Coincidentally, it was around this time that several studies came out about how employers would not hire certain applicants based on their social media profiles.

The summer before my sophomore year of college, I spent hours “cleaning” my Facebook profile. I was doing an internship at the time, and I realized that even though my profile was pretty unsoiled so to speak, it could be a lot better. I went through all my pictures, untagging some, deleting even more. Some things I deleted were just silly, but others were, to me at least, questionable. I just didn’t want to take a chance.Adios, photos of me dancing in my pajamas.

When it came down to it, I stopped caring about what people my age thought about me. I started caring about how people who were older than me perceived me. Currently, I am friends with high school teachers, people I have interned for, or babysit for, or worked on a dig with. Even some of my professors are on Facebook. These are people who are important to me, and whose opinions I value much higher than that chick I had that one class with junior year – what was her name again? And, as far as my personal reputation is concerned, I didn’t want myself portrayed as someone I am not.

And then there were all the people who were classified as my “friends.” As almost anyone who has graduated high school can tell you, there are very few people who you keep in contact with from those oh-so-formative years. Why was I still connected to them on Facebook when I was never going to see them again, and didn’t really want to either?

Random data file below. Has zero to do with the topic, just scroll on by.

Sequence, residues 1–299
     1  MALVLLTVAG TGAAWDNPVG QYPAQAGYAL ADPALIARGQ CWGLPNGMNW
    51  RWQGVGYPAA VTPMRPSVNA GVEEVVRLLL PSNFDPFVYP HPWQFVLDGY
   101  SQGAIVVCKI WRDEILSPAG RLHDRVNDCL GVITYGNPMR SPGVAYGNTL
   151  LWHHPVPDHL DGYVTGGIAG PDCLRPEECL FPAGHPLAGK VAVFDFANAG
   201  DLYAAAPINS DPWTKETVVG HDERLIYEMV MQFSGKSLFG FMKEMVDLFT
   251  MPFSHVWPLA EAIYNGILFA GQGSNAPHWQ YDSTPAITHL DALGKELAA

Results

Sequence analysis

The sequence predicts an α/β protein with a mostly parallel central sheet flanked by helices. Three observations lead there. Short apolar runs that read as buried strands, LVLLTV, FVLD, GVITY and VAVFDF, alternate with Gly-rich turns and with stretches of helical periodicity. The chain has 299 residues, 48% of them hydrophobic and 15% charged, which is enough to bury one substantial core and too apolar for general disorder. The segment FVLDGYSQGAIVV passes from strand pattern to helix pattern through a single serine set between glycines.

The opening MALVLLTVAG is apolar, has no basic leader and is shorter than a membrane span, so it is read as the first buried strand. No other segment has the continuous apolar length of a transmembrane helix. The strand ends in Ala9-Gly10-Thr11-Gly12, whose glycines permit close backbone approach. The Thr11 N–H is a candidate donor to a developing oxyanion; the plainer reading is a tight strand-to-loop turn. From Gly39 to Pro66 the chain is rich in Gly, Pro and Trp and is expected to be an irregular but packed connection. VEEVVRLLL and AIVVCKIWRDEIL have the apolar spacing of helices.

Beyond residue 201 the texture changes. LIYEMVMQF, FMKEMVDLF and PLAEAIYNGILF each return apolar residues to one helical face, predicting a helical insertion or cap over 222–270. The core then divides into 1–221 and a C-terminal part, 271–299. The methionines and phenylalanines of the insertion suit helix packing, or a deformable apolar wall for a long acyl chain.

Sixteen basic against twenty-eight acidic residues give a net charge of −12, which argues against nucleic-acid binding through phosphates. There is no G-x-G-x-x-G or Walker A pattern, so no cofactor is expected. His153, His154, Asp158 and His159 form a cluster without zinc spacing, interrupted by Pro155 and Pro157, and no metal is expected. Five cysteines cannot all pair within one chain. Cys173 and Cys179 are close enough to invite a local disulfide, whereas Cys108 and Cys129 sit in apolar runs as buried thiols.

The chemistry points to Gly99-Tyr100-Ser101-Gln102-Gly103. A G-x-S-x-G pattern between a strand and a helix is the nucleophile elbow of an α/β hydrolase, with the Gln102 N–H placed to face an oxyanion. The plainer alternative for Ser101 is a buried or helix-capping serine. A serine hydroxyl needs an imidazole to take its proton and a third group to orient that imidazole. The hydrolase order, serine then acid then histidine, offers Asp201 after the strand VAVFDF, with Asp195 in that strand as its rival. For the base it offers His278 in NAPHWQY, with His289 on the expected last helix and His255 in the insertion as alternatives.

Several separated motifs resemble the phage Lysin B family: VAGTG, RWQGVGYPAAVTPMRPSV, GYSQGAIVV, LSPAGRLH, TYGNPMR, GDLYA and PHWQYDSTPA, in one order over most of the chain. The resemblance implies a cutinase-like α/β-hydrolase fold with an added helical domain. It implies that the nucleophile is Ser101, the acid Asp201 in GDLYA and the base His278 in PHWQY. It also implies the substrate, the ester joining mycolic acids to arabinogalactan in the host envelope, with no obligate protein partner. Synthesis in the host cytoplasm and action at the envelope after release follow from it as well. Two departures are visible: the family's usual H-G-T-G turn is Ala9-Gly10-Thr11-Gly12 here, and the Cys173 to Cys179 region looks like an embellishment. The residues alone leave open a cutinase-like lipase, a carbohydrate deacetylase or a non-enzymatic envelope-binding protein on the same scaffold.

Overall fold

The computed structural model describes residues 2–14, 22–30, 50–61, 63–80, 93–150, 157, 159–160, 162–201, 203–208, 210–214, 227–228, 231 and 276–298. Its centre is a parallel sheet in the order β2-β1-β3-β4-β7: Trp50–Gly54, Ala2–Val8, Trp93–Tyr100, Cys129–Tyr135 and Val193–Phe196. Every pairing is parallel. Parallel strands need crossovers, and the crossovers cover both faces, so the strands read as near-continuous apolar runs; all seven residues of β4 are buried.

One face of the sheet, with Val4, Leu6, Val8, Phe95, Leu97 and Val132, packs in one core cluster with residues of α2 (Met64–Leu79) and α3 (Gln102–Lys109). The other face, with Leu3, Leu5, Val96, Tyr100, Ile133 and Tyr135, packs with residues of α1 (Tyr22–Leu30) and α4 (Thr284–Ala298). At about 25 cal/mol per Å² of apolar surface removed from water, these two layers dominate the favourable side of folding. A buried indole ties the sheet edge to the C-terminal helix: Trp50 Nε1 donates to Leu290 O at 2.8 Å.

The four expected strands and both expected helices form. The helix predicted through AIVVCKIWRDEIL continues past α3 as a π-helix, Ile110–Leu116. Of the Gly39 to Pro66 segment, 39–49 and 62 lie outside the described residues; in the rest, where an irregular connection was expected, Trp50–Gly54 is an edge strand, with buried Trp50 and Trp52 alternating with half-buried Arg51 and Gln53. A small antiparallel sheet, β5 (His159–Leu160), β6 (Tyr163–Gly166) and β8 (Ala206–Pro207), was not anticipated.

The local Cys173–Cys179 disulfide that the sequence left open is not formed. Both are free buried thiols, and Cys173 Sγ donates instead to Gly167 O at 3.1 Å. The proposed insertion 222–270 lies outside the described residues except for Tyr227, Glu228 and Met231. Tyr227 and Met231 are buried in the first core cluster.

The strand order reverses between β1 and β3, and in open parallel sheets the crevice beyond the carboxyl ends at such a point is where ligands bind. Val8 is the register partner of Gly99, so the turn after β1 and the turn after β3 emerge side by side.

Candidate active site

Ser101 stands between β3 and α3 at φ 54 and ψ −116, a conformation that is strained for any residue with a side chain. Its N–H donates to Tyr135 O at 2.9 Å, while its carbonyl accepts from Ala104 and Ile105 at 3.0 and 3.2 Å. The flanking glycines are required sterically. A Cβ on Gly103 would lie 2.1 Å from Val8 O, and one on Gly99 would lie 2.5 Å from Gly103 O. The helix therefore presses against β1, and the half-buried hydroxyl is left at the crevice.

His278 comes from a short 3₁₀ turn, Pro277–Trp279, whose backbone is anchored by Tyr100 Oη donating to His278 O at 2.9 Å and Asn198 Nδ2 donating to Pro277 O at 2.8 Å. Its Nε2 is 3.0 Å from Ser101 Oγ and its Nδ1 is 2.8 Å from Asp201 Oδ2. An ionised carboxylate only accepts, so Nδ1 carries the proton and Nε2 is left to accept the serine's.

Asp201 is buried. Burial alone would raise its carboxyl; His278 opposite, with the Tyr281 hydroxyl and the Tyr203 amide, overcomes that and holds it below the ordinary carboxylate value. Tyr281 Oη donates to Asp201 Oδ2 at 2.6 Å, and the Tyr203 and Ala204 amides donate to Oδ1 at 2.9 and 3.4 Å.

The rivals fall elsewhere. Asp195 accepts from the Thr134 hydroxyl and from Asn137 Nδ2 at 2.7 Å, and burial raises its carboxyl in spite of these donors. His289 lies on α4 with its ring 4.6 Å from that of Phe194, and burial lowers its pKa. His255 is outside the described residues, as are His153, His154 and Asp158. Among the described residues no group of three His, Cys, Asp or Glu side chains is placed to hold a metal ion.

Last year, as a studying game for Fall finals, I deleted someone from my Facebook for every physics problem question I got right. I did this until only the people I would call my friend in real life were left. Within a few hours, I had eradicated over 150 people.

So where am I going with this column?

Facebook and I, we’re just not on the same page any longer. I utilize the website in a completely different way than I used to. When I first started using social media it was all about me and how other people thought about me, or how I wanted them to think about me. Now, it’s more about staying in touch with those people, not so much about me and my life. Finally, I got the “networking” part of “social networking”. Facebook is now just another way to communicate with people in my life, rather than being a way for me to showcase myself as someone I wanted to be.

I grew up. And as I grew up, I grew out of Facebook.

And so, it was nice while it lasted Facebook, darling, but you are just not a priority any more.


Comments are closed.